All reality blurred content is independently selected, including links to products or services. However, if you buy something after clicking an affiliate link, I may earn a commission, which helps support reality blurred. Learn more.

More from reality blurred

About the author

  • Andy Dehnart

    Andy Dehnart is the creator of reality blurred and a writer and teacher who obsessively and critically covers reality TV and unscripted entertainment, focusing on how it’s made and what it means.

Discussion: your turn

I think of writing about television as the start of a conversation, and I value your contributions to that conversation. We’ve created a community that connects people through open and thoughtful conversations about the TV we’re watching and the stories about it.

To share our perspectives and exchange ideas in a welcoming, supportive space, I’ve created these rules for commenting here. By commenting below, you confirm that you’ve read and agree to those rules.

Happy discussing!

Kevin W

Monday 27th of March 2023

Are we perhaps complaining about the "catering" challenges too early? Thus far we've had 2 compared to 1 panel challenge. And while that is a large percentage right now, we are talking about a small sample size.

With that said, I get what you're saying about having to create multiple dishes to randoms. Overreliance on this type of challenge does not necessarily pull the best cook out of the chefs. But at the same time, you do have to have those challenges in addition to ones where you're just creating plates for the panel. Part of the appeal of Top Chef for me is that variety of challenges, whether it be a panel, catering, or team challenges.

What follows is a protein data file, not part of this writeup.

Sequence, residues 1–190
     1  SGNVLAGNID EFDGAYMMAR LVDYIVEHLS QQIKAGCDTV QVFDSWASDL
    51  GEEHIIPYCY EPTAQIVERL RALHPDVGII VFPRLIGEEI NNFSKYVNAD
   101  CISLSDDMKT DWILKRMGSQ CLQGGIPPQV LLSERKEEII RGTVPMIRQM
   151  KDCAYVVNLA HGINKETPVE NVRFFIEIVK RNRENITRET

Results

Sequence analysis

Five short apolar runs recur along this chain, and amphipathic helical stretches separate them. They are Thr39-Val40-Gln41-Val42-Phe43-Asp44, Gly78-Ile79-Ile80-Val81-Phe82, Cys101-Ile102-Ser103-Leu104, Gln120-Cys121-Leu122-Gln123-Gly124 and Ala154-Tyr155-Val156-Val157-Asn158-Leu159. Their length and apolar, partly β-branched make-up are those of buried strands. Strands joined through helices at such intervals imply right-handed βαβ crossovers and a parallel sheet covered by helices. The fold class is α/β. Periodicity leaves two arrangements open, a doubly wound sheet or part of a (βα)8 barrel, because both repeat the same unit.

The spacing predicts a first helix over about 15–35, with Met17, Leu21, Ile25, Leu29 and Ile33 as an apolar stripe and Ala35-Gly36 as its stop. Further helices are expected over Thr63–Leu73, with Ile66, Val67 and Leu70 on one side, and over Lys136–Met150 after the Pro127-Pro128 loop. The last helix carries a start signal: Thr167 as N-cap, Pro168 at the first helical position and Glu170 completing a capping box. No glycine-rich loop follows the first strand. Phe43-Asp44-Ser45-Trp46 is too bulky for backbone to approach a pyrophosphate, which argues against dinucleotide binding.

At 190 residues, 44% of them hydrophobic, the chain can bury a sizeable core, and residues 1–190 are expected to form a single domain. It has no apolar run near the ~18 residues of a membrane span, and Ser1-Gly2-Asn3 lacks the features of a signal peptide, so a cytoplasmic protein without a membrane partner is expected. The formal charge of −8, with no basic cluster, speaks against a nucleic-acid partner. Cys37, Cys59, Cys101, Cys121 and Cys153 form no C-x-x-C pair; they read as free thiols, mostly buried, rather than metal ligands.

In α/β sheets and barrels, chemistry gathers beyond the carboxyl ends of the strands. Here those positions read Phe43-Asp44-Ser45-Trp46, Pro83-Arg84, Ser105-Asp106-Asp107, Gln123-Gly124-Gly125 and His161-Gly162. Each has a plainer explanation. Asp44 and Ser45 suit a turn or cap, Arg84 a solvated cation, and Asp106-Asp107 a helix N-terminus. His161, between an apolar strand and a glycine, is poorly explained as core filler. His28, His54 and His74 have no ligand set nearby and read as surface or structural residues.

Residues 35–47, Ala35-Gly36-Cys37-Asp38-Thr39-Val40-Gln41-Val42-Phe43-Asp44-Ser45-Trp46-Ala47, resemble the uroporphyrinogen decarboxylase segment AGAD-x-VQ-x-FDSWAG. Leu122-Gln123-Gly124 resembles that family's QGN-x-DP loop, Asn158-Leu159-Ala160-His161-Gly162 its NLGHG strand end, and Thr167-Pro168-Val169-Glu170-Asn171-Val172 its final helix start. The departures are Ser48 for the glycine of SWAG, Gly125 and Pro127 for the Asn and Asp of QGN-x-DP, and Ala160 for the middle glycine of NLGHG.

In a way, I'd look at Top Chef as a decathlon, compared to TOC, which is like a 400m sprint (including the heats). Both difficult, but in differing ways.


Friday 24th of March 2023

Agree about the formula being stale and boring. Anyone whose watched Top Chef throughout the years could’ve figured out the plot.

However, I disagree about the Dale and May team. Every time May tried to bring up some thing about how to make scotch eggs differently, Dale said no. He refuse to entertain any thoughts or ideas of May’s. So no I’m not surprised his team went home, but I have to agree. The loss of May really hurts.


Friday 24th of March 2023

Totally agree with you. I hate the catering. I hate watching them cook in an inadequate kitchen. And I HATE that May got eliminated!

I'm curious, do you know if this is the first season they filmed after covid restrictions were relaxed? Wanting to bring Top Chef back to crowds of people is the only reason I can think of to have 2 catering challenges already.